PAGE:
Roger Federer enters this March's BNP Paribas Open in Indian Wells, Calif. as the No. 2-seeded player in the men's draw and a favorite to win his fifth career title at the annual Masters 1000 event.
If that sounds familiar, it should. Arguably the greatest tennis player of all time, Fed holds the record for most singles championships at Indian Wells, winning there in 2012 to surpass Jimmy Connors and Michael Chang.
With first-round play set to begin on Thursday at Indian Wells Tennis Garden, it's time we break down Fed's keys to victory.
Great players always hold serve, and the best win on their first serve. To start the 2013 season, Roger Federer has been doing just that, winning 79 percent of his first-serve points.
The result: Fed has won 90 percent of his service games this season.
He'll need to continue that high rate at Indian Wells this March is he's going to upend the likes of Novak Djokovic, Andy Murray and Rafael Nadal on his way to a title. Those players are all fantastic on serve, so Fed must increase his room for error by dominating with powerful, accurate first serves.
It's key that Fed use one of the sport's all-time great serves to keep his opponents at bay and to help neutralize some of his opponents' athletic advantages.
Second-Serve Return Points
It's always nice to hear your opponent's first serve called out by the referee, especially when it's coming at you with pace and all sorts of awkward rotation. Odds are the second serve will be a whole lot easier to handle, therefore making the point easier to win.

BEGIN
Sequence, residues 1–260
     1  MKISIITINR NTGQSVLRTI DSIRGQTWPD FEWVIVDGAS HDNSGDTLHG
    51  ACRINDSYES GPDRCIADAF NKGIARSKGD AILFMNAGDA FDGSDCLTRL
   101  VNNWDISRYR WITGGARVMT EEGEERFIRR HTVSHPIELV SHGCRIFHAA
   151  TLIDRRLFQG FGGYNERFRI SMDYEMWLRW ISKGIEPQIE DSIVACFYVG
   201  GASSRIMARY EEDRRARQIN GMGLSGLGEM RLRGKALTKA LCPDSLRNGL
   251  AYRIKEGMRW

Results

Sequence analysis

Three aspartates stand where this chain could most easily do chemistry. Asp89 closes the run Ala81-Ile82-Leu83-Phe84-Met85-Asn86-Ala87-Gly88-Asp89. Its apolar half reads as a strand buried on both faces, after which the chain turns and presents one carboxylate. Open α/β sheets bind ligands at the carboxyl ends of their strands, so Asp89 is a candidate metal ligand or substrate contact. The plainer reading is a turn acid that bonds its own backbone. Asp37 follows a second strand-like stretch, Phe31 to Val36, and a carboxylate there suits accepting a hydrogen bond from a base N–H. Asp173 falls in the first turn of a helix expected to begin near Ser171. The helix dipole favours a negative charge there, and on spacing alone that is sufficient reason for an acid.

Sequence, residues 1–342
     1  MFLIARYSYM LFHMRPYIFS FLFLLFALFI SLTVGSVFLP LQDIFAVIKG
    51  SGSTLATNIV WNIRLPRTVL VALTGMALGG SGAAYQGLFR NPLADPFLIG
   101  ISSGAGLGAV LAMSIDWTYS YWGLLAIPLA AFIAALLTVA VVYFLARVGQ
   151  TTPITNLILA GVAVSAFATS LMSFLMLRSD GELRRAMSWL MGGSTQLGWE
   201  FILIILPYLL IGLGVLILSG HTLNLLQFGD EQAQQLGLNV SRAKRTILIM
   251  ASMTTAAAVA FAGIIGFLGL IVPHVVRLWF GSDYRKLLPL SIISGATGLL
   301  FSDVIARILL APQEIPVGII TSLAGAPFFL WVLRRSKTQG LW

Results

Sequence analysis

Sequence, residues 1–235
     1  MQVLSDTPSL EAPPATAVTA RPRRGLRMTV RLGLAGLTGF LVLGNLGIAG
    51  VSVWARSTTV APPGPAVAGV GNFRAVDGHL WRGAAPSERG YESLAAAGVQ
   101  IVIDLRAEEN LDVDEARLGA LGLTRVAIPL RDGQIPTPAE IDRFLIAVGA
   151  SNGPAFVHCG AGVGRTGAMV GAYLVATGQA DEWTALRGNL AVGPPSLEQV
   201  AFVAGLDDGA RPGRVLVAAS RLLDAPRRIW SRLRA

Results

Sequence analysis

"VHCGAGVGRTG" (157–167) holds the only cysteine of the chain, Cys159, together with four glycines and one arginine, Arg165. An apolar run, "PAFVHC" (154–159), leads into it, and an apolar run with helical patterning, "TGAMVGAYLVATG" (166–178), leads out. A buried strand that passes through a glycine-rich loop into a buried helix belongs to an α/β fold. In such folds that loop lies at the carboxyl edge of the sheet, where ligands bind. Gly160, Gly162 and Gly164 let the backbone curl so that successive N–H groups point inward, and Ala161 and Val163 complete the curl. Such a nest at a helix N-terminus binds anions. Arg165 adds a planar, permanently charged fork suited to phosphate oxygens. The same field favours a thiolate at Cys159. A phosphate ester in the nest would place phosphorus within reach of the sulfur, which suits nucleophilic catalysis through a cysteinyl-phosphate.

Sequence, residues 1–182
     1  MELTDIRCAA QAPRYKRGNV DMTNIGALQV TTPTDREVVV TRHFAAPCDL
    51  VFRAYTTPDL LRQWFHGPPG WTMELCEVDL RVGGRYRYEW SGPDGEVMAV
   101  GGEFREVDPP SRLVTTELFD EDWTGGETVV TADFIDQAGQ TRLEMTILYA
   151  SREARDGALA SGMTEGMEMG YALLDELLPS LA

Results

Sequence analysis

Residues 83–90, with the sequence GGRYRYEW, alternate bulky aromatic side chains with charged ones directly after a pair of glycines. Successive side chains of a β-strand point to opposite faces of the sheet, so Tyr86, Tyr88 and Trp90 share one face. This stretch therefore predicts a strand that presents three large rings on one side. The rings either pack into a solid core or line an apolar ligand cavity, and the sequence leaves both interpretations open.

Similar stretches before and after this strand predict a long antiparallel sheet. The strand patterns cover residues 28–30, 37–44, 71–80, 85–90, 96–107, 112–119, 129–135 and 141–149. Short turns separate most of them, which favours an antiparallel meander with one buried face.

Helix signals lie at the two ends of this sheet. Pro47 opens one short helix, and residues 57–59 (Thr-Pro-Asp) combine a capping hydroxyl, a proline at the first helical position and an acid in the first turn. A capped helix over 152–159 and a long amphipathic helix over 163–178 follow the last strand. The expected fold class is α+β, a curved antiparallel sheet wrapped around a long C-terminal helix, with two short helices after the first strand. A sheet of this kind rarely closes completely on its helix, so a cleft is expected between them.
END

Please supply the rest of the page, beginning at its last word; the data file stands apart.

It's Tennis 101. But that doesn't make it any less important to win those valuable second-serve return points.
So far this season, Fed is winning about 51 percent of his second-serve return points. That's certainly not a mark to sneeze at, but it could be better and will need to be better if Fed is going to raise the trophy at Indian Wells for a second straight year in 2013.
Converting Break Points
Fed is only converting on about a third of his break-point chances this season, 34 percent to be exact. He'll need to boost that average in Indian Wells in order to reach the semis and beyond.
Consider this: Murray is converting 52 percent of his break-point chances in 2013, Djokovic is making good on 47 percent of his and Nadal is cashing in on 46 percent of his break-point opportunities.
Clearly, Federer is way behind in this area and has some serious catching up to do if he's going to challenge the other Big Four members.
These three keys are important for any tennis player at any tournament to have success. But in Federer's case, they are absolutely vital to winning a fifth career title at the BNP Paribas Open in Indian Wells.
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